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  1. #1
    sadmother29 is offline Junior Member
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    Exclamation How long do you have to be married to be entitled to spouse's Social Security?

    What is the name of your state? NY

    How long do you have to be married to be entitle to your spouse's social security, pension? My husband and I are divorcing and we had been married for 10 years.
  2. #2
    mango2k is offline Junior Member
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    Quote Originally Posted by sadmother29
    What is the name of your state? NY

    How long do you have to be married to be entitle to your spouse's social security, pension? My husband and I are divorcing and we had been married for 10 years.

    I live in Florida. However, from what I've been told from various lawyers, 10 years for all his benefits -- stock plans, pensions, 401k, social security, etc., etc.
  3. #3
    LdiJ is offline Senior Member
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    Quote Originally Posted by sadmother29
    What is the name of your state? NY

    How long do you have to be married to be entitle to your spouse's social security, pension? My husband and I are divorcing and we had been married for 10 years.
    A judge can't give you part of his social security. Social Security isn't divisible. A judge could perhaps award some sort of future alimony/spousal support based on SS...but that would be incredibly unlikely. You also would not be entitlted to survivor's benefits unless you are his widow at the time of his death or have custody of his children or other legal dependents.

    Whether or not a judge can rule that you would be entitled to a share of a pension depends entirely on the type of pension....and whether or not that pension is legally divisible.

    However, for anything like a 401k or IRA, you would be entitled to a share of what accumulated during the marriage. You don't have to be married for any specific length of time to be entitled to that....and of course it works in reverse as well.
    Last edited by LdiJ; 08-30-2005 at 06:50 PM.
  4. #4
    LdiJ is offline Senior Member
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    Quote Originally Posted by mango2k
    I live in Florida. However, from what I've been told from various lawyers, 10 years for all his benefits -- stock plans, pensions, 401k, social security, etc., etc.
    That honestly isn't accurate. It may be accurate in Florida for some of the items you listed....but its definitely not accurate for others.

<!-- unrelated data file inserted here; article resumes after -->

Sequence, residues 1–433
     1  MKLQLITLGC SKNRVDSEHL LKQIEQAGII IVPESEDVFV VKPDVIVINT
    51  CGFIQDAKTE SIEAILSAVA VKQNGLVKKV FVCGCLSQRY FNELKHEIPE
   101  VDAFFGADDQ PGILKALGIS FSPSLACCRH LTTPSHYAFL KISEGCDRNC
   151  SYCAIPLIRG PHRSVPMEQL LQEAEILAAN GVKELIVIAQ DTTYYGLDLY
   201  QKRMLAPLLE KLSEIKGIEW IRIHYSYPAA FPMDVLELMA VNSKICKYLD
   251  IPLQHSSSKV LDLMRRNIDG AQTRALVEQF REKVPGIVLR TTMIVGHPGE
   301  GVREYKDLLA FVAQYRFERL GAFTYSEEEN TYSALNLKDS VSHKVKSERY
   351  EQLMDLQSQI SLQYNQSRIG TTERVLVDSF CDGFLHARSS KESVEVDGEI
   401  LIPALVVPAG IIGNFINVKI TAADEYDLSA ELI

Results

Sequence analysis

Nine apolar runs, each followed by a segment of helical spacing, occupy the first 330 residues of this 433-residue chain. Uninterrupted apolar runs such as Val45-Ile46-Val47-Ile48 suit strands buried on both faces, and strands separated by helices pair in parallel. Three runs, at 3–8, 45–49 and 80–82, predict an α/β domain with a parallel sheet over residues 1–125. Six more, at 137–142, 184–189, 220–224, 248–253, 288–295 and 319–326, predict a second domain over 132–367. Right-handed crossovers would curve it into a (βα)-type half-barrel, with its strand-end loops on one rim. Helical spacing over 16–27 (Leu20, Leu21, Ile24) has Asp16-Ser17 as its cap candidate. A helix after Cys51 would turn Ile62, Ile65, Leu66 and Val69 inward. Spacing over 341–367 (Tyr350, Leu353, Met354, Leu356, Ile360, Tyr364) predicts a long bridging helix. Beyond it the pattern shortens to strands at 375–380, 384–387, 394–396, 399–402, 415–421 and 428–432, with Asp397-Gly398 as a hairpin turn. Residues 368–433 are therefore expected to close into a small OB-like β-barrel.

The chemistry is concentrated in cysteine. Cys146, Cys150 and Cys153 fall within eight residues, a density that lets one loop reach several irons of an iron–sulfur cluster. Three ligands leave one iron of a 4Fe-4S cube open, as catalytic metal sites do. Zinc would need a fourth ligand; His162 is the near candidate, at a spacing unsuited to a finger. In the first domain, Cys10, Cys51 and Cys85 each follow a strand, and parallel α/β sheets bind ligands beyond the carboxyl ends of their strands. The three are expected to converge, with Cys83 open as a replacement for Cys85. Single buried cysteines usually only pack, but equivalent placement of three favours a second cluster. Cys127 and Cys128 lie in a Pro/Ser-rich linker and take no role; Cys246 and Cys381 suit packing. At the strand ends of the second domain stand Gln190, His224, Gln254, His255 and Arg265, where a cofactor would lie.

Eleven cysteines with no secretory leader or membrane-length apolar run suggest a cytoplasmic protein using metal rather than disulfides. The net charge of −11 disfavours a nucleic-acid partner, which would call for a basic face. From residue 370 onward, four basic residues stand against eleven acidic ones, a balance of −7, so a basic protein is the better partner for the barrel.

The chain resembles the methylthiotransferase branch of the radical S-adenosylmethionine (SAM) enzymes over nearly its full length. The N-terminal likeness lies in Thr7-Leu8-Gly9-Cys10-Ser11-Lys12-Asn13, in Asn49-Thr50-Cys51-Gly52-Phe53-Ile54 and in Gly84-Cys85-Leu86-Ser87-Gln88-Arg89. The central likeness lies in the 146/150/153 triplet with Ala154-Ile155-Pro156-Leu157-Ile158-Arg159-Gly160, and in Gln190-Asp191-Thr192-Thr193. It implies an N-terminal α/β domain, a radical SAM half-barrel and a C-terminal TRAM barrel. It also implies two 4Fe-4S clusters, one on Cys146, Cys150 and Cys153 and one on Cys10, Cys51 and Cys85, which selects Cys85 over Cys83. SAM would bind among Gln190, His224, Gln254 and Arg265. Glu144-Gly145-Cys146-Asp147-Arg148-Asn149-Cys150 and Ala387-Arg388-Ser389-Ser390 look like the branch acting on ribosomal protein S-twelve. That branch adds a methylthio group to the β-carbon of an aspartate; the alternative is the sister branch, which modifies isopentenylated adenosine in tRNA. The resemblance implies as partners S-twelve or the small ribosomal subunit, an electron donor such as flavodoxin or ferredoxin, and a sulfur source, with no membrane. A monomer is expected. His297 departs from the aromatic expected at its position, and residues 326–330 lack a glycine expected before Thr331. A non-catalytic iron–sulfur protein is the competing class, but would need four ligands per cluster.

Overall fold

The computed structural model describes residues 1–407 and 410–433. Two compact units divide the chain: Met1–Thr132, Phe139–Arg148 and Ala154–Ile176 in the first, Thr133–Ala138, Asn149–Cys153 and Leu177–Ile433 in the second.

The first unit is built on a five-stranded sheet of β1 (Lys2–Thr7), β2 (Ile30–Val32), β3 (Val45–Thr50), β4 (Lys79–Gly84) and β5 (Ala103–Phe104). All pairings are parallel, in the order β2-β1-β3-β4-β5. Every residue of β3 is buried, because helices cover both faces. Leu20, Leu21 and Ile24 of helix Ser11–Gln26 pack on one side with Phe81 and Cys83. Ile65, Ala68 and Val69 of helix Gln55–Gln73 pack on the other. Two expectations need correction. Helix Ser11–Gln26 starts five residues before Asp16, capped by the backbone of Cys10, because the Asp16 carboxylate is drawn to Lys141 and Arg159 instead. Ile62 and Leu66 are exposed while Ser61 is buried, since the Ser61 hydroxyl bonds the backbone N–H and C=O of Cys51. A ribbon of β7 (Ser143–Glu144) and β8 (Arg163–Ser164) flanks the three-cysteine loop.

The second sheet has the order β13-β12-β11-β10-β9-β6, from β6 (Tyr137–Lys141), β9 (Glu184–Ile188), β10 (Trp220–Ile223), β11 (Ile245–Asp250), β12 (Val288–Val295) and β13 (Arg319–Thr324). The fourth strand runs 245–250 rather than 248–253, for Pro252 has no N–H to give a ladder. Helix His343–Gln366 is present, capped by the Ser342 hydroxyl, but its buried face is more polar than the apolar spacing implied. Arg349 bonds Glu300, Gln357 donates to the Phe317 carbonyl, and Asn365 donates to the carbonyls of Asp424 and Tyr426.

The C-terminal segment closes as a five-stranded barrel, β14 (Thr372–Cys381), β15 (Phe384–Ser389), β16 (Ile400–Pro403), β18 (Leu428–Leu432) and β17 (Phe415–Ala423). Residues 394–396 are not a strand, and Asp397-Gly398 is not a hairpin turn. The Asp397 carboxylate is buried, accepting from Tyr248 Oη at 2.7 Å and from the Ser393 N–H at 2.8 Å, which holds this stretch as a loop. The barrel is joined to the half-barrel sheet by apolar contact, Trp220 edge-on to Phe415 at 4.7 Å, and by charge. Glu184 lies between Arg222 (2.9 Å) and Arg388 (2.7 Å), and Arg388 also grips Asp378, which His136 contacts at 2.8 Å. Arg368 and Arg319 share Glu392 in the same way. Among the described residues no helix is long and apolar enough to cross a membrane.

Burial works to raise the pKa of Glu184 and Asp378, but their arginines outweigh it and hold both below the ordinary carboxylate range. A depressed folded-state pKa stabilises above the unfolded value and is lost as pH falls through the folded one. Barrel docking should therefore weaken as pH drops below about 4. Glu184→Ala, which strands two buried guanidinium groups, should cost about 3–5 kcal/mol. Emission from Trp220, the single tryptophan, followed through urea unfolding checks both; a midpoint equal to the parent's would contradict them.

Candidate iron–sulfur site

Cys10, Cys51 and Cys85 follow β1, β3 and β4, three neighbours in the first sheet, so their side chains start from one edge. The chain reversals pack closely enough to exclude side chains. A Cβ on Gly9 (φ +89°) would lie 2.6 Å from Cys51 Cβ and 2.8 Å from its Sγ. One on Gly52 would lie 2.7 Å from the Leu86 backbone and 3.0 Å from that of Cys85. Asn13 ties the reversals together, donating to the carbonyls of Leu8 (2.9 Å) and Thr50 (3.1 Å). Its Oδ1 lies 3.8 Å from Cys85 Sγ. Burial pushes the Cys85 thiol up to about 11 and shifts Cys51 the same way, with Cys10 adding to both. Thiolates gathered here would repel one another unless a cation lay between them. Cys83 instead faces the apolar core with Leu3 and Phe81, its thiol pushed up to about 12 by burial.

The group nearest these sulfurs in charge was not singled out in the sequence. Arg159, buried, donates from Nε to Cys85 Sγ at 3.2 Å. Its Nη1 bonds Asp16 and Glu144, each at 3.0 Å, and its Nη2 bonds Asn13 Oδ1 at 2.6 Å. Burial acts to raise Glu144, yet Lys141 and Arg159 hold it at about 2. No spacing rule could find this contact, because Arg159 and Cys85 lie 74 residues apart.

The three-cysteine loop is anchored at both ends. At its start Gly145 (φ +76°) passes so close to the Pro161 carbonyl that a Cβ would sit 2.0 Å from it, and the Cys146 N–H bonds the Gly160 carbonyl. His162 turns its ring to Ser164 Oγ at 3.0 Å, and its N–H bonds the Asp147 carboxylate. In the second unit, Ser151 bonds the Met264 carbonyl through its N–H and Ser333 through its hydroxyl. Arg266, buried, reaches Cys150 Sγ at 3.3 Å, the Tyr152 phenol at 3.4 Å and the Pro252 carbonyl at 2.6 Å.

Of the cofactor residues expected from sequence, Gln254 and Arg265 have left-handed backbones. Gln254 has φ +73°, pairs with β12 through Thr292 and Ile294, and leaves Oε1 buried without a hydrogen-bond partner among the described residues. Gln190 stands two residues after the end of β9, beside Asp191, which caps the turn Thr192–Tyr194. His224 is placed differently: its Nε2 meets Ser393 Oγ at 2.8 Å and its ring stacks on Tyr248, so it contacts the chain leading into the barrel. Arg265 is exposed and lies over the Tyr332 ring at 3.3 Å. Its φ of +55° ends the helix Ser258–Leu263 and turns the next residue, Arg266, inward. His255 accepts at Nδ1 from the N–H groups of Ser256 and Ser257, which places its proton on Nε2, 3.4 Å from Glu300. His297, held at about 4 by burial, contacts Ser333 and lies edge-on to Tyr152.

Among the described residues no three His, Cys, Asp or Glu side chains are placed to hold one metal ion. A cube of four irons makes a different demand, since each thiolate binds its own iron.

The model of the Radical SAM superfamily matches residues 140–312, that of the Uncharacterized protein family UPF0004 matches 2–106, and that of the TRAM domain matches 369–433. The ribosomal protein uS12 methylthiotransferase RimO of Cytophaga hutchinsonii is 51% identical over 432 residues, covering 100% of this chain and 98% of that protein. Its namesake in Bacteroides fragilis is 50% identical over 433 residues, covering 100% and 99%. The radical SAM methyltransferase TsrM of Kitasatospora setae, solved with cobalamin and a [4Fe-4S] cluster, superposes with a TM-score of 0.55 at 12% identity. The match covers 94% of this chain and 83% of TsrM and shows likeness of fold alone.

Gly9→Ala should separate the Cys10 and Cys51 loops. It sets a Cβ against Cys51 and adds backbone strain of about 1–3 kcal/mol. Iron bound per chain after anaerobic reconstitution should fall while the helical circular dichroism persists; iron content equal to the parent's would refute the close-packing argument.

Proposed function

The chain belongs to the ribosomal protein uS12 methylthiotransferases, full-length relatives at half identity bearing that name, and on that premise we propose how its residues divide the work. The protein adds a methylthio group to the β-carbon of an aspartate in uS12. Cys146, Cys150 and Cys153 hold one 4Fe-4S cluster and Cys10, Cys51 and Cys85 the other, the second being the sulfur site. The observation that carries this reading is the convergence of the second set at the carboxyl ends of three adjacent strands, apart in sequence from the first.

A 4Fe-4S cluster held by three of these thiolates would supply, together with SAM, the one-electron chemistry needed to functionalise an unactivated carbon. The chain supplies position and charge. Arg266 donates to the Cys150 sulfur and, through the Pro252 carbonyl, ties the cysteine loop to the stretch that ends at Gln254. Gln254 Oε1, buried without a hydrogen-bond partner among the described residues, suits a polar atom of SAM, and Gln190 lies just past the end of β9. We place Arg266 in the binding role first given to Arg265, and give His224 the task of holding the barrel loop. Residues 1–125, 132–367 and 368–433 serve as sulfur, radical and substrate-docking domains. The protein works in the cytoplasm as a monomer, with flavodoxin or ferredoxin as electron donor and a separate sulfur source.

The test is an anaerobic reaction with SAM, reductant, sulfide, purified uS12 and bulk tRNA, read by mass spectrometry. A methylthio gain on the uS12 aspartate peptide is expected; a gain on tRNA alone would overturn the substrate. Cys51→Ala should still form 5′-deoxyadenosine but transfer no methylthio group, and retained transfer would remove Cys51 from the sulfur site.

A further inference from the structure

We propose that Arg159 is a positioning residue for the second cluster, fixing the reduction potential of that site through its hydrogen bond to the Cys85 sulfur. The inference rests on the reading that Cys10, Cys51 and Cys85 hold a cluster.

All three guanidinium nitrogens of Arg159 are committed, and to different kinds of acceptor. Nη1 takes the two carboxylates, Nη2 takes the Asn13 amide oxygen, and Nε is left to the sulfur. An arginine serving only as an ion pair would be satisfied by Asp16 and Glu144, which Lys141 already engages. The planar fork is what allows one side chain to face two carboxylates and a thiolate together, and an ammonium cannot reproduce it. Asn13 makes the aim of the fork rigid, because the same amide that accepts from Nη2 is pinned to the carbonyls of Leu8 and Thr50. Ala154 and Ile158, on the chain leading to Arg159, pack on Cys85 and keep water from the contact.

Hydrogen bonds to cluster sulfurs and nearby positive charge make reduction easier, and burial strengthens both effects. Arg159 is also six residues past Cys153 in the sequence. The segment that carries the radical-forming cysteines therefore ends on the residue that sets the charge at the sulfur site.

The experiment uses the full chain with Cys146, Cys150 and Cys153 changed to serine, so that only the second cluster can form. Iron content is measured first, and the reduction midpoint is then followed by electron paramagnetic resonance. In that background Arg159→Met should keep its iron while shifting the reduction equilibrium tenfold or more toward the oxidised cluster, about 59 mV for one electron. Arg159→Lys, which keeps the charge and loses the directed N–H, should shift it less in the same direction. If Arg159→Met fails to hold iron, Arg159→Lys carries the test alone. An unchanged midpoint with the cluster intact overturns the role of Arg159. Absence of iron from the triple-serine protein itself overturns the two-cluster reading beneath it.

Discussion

5. #5
    I AM ALWAYS LIABLE is offline Senior Member
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    Quote Originally Posted by LdiJ
    That honestly isn't accurate. It may be accurate in Florida for some of the items you listed....but its definitely not accurate for others.

    My response:

    Oh, geez! Look who's espousing accuracy!

    Get off the forums, Ldij.

    IAAL
  6. #6
    nextwife is offline Senior Member
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    [url]http://www.ssa.gov/gethelp1.htm[/url]

    "If you are divorced after at least 10 years of marriage, you can collect retirement benefits on your former spouse's Social Security record if you are at least age 62 and if your former spouse is entitled to or receiving benefits. If you remarry, you generally cannot collect benefits on your former spouse's record unless your later marriage ends (whether by death, divorce, or annulment)."

    As to other retirement, only those accrued DURING the marraige are subject to division..
  7. #7
    LdiJ is offline Senior Member
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    Quote Originally Posted by nextwife
    [url]http://www.ssa.gov/gethelp1.htm[/url]

    "If you are divorced after at least 10 years of marriage, you can collect retirement benefits on your former spouse's Social Security record if you are at least age 62 and if your former spouse is entitled to or receiving benefits. If you remarry, you generally cannot collect benefits on your former spouse's record unless your later marriage ends (whether by death, divorce, or annulment)."

    As to other retirement, only those accrued DURING the marraige are subject to division..

    While that is accurate (as far as the SS is concerned)....its more complicated than it sounds. Its only valid if the ex's SS record would give a person a higher benefit than their own record...or if there is never a remarriage...and the ex has to actually be retired....and it doesn't necessarily result in "sharing" the ex's benefit. Nor can a state court judge make any orders as far as SS is concerned.

    Basically....unless someone divorces after they are retired SS is not really a factor, and shouldn't be considered....and won't be part of the divorce because whatever rules are in place with SS when retirement happens is what will rule....and those "rules" change almost yearly.

    Heck...its possible that by the time that this poster reaches retirement age that no advice that anyone gives today could even be remotely correct.

    Therefore.. SS can't be a factor in a divorce case.

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